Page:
Blazing New Paper Trails
As a paper buyer, Carson-Dellosa Publishing falls a few rungs down the wood industry's evolutionary ladder. Three years ago, the educational publishing house located its headquarters and primary U.S. distribution center in Greensboro, largely due to its proximity to East Coast and Midwest markets, but also in anticipation of the new FedEx hub.
"The paper industry is not generally time-sensitive," says Rich Lugo, vice president of operations, Carson-Dellosa. "A one-day difference in transport doesn't warrant extra expense. But having options is nice."
The publishing company generally uses truckload and less-than-truckload (LTL) to manage its direct-to- dealer business. But in the summer, customer needs change. The ramp-up to the school year brings a corollary jump in direct-to-consumer business as tardy teachers requisition supplies—which demands more expedited shipments.
With the opening of the FedEx hub Carson-Dellosa can take orders at 2 p.m. and ship by 6 p.m. the same day. This offers greater flexibility in fulfilling time-sensitive West Coast orders, and Lugo anticipates pushing that dial even further to serve customers better.
Economic conditions also contributed to greater demand for expedited services. Dealers are handling inventory differently, and Carson-Dellosa's LTL shipments have dropped 40 percent.
"Dealers are buying in greater volume or ordering less, then expediting to fill flow," Lugo explains. "Some dealers don't want more inventory than they can sell, so they are not buying more than they need. Instead of ordering a box of books, for example, they might buy four books and choose second-day air. It has become more of a replenishment set-up."
Carson-Dellosa is heavily product-driven, so demand sensitivity and responsiveness is critical to delivering the best customer service. "We used to fall 10 days behind shipping orders," he adds. "Now, with our direct-to-consumer business, it's 24 hours. We're bringing service along with good product."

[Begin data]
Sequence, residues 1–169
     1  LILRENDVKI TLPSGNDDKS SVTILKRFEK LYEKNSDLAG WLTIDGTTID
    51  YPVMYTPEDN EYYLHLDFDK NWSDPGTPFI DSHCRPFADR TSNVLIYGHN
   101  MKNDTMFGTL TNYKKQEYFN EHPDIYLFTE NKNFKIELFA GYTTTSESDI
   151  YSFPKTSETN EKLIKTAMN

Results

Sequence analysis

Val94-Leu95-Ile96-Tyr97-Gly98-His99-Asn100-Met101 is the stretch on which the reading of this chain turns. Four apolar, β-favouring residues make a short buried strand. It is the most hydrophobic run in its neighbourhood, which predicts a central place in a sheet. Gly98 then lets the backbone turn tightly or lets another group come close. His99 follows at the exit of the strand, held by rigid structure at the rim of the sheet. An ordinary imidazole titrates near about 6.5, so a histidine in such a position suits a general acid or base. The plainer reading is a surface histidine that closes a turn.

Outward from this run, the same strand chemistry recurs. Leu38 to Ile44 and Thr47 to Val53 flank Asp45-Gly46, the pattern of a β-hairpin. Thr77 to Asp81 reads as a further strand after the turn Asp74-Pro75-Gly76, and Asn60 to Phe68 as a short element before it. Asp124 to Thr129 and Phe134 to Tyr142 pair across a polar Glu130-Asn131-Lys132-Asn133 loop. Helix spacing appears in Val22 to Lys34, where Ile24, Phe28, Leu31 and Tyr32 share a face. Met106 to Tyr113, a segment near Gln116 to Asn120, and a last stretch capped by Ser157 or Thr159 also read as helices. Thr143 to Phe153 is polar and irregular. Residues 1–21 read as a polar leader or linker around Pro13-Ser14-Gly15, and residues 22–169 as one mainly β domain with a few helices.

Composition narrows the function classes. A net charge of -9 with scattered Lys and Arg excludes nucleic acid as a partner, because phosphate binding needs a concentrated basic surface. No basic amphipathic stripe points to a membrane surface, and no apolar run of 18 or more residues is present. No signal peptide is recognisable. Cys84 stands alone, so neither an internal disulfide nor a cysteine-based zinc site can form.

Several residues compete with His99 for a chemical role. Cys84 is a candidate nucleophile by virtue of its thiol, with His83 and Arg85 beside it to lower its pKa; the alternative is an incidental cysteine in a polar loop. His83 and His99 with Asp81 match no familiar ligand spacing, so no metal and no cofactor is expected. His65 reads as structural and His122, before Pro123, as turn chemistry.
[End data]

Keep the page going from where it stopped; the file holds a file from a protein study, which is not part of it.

Onward and Upward
Out on the tarmac, you can appreciate the scope of PTIA's expansion project. Core samples stick out where lights will be planted along Runway 5L/23R, the 9,000-foot-long strip under construction to support the FedEx operation. The newly paved, coal-black ribbon of road lies amid reddish clay soil deposits that have been pushed about during the grading process. The runway waits for direction—the lights, lines, arrows, and signage that will guide freighters to and from the hub.
For airport officials, that direction has already been drawn out. The planning and construction of the FedEx hub has been a decade in the making, so anticipation is palpable.
Driving into the new FedEx facility, you feel that tide shifting, seismically so. But you wouldn't know it by the looks of things. A lone security guard seems overburdened by boredom as he dutifully inspects credentials. There is no one else around.
The boxy, off-white behemoth of a building dwarfs everything else around. It is nondescript except for a large FedEx logo on the airport-facing side. Inside, workers are likely fine-tuning the machinations that will help sort up to 24,000 packages per hour.
Outside, the hub is vacant. A few trucks linger but no airplanes are waiting in queue. It's eerily quiet and devoid of movement. But it won't stay that way for long.
You can imagine the pent-up energy and purpose ready to engulf this space, like a stock exchange before the bell rings. It's just a matter of time.
And that time is now. The Piedmont Triad's past and future are aligning as grass-roots industry and transportation innovation reveal a new root and route for economic development. The Tar Heel State is in full flight.
The day before I arrived in Greensboro, I was winging my way back from Northern Ireland, with a connection through London Heathrow's labyrinthine terminal. This time, fortunately, my luggage joined me in Newark. Flying into Piedmont Triad International Airport (PTIA) was a welcome reprieve. Regional airports tout accessibility and convenience as primary strengths, and PTIA is no different.
The objective of the Aerotropolis is to apply that same model to the cargo side of the business—to offer complementary modes, infrastructure, and services that facilitate product movement in and out of the region.
The expediency of air freight is a given. But the ability to maintain product flow and velocity is contingent on other factors. First- and last-mile delivery to and from the airport is important, as is adequate road and rail infrastructure. Foreign trade zones and bonded warehouses, technology and third-party logistics service providers, can help manage regulatory compliance and ensure timely transshipment. All these pieces will be part of the Aerotropolis.